Zeroing in on prostate cancer

Validation study recently completed on miR Scientific’s Sentinel tests

Ilene Schneider
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NEW YORK—Dr. Derya Tilki, attending urologist at the Martini-Klinik Prostate Cancer Center of the University Hospital Hamburg-Eppendorf, presented new data on miR Scientific’s Sentinel tests for detecting and classifying prostate cancer at the 2020 ASCO Genitourinary Cancers Symposium in San Francisco in February.
The precision bioscience company miR Scientific, which focuses on comprehensive disease detection and management, offers three non-invasive urine-based tests that are said to provide specificity and sensitivity of greater than 90 percent in detecting and classifying prostate cancer.
The recently completed case-control validation study included 1,436 patients, which consisted of 836 patients in a fully cross-validated training group and an independent testing group of 600 patients. The presentation was titled “Analysis of small non-coding RNAs in urinary exosomes to classify prostate cancer into low-grade (GG1) and higher-grade (GG2-5).”
The study involves the three tests in miR Scientific Sentinel Disease Management Platform for Prostate Cancer: the Sentinel PCa Test, which determines the presence or absence of prostate cancer; the Sentinel CS Test, which identifies patients with low-grade (GG1) or intermediate and high-grade (GG2-GG5) prostate cancer; and the Sentinel HG Test, which identifies patients with high-grade, high-risk cancer. Each of the tests examines the expression levels of small non-coding RNAs (sncRNAs) extracted from urinary exosomes to diagnose, classify and monitor prostate cancer. Classification algorithms identify and interrogate between 200 and 280 small non-coding RNAs using a customized, high-throughput qPCR OpenArray platform.
Validation study results demonstrate that the Sentinel PCa Test has a sensitivity of 94 percent and a specificity of 92 percent; the Sentinel CS Test has a sensitivity of 93 percent and a specificity of 90 percent; and the Sentinel HG Test has a sensitivity of 94 percent and a specificity of 96 percent. Company officials believe that the performance characteristics of these tests support miR Scientific's efforts to introduce the miR Scientific Disease Management Platform to mitigate poor outcomes and waste for patients, healthcare providers, employers and payers. The combination of the three tests, which are standalone, can be performed on a single urine sample for diagnosing, classifying and monitoring prostate cancer.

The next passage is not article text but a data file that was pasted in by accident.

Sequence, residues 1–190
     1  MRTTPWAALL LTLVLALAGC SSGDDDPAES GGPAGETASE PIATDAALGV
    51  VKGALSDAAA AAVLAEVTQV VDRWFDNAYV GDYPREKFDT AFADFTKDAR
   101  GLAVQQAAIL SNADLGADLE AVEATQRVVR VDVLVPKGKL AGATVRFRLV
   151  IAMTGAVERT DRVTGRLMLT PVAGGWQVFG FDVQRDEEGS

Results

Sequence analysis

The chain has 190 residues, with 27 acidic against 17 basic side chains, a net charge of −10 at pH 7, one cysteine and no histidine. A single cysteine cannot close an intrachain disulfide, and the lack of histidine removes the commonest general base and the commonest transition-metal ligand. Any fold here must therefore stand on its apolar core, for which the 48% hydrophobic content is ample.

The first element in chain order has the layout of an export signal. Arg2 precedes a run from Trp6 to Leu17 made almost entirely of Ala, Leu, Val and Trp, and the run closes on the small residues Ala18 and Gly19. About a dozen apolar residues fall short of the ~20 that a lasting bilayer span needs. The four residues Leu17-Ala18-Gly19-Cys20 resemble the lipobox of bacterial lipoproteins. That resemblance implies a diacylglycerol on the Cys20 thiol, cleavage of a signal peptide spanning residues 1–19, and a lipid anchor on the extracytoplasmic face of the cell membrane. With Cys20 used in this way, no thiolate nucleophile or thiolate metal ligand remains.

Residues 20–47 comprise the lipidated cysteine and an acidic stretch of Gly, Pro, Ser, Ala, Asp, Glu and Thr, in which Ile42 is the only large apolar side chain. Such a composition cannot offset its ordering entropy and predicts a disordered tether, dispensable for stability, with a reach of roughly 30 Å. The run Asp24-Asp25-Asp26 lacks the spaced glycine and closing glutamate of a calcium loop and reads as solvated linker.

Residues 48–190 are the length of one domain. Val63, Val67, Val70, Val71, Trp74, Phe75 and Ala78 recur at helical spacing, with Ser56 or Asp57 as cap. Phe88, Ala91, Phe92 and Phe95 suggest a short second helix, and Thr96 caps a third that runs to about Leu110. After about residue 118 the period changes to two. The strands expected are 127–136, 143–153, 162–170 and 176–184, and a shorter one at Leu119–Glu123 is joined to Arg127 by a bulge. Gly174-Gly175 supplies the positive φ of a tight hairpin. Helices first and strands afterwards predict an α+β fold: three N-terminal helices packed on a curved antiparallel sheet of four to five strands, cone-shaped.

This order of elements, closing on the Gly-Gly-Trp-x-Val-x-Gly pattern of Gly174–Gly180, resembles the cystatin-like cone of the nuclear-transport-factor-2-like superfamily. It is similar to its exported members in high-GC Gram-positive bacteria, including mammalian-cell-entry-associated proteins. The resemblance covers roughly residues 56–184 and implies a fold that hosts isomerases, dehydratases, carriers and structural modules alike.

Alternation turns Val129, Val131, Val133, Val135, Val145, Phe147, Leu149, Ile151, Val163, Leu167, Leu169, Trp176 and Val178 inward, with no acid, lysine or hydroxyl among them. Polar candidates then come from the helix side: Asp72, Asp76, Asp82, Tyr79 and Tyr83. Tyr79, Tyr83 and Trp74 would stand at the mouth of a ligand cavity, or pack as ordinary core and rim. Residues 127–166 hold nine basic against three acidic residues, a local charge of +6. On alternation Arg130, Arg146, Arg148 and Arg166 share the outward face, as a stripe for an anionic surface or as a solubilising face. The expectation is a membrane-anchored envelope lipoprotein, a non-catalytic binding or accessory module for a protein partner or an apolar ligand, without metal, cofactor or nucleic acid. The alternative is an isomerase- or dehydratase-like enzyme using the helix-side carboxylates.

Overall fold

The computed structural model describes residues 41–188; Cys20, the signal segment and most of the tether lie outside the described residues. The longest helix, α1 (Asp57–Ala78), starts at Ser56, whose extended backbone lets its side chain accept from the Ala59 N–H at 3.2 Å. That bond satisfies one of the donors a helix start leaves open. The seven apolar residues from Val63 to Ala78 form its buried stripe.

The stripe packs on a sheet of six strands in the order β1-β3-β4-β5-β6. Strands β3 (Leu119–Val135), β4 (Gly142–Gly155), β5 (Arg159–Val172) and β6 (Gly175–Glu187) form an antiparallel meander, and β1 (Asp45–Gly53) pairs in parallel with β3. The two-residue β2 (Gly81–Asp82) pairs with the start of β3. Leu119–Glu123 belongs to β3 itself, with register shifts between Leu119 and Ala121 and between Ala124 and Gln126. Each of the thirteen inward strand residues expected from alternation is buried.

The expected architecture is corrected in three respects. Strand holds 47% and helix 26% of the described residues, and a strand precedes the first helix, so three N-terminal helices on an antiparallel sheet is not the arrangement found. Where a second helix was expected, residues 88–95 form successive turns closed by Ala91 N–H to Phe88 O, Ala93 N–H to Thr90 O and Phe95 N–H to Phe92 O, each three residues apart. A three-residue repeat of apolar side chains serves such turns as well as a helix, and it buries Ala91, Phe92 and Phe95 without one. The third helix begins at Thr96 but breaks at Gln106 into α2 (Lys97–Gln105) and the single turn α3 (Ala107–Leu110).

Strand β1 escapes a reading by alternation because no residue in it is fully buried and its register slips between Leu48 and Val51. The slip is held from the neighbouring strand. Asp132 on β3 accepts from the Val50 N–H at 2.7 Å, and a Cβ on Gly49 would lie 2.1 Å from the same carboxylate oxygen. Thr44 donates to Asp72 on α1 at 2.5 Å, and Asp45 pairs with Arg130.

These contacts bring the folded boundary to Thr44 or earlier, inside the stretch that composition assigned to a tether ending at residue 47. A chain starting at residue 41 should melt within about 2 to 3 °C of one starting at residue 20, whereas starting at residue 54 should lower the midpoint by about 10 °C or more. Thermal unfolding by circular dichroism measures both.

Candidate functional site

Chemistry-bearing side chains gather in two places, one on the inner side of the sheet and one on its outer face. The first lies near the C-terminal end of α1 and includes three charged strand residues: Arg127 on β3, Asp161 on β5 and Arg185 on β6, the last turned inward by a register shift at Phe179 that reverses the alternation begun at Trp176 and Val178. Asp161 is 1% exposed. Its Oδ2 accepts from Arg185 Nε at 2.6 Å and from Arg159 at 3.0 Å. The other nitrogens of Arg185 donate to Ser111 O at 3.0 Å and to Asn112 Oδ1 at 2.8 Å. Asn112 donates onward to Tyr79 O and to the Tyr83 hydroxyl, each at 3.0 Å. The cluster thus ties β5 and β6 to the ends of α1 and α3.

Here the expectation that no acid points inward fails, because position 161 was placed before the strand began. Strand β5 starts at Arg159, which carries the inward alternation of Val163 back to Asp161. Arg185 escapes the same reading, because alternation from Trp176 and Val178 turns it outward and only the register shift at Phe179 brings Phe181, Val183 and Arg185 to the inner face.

According to the company, the Sentinel Disease Management Platform gives patients and healthcare providers an unprecedented level of information, potentially allowing for more accurate, precise and effective treatment of urological cancers. The results presented at ASCO GU suggest that the Sentinel platform is significantly more accurate than current testing methods in detecting prostate cancer and offers highly specific and sensitive data on the severity and aggressiveness of the cancer.
“The results presented at ASCO GU demonstrate that the miR Scientific Sentinel Tests can transform clinical practice with broadly new and powerful capabilities to directly classify patients into actionable pathways: those with no evidence of prostate cancer; patients in need of definitive treatment; and patients eligible for active surveillance, which the Sentinel Tests can monitor,” said Sam Salman, chairman and CEO of miR Scientific. “The accuracy demonstrated by the miR Scientific Sentinel tests is significantly better than that of other current technologies and could prove to be even more accurate, as we are currently ascertaining what proportion of this discordance represents misattribution of core needle biopsy histopathology or genuine misclassification errors of the Sentinel Tests.”
He added, “miR Scientific believes that the results suggest that the non-invasive Sentinel tests can be used as part of the Sentinel Prostate Cancer Disease Management Platform to provide patients and healthcare providers with an unprecedented level of information, allowing for more accurate and effective treatment of these cancers.”
According to Dr. James M. McKiernan, the John K. Lattimer Professor and chairman of the Department of Urology at Columbia University College of Physicians and Surgeons, “The burden of over-diagnosis and unnecessary treatments in prostate cancer worldwide is well known. What has been lacking is an effective, non-invasive tool to identify which patients may harbor aggressive cancers that are life-threatening. The miR Scientific platform of liquid biopsy represents a highly sensitive and accurate way to identify these patients, with less need for invasive procedures.”

Ilene Schneider

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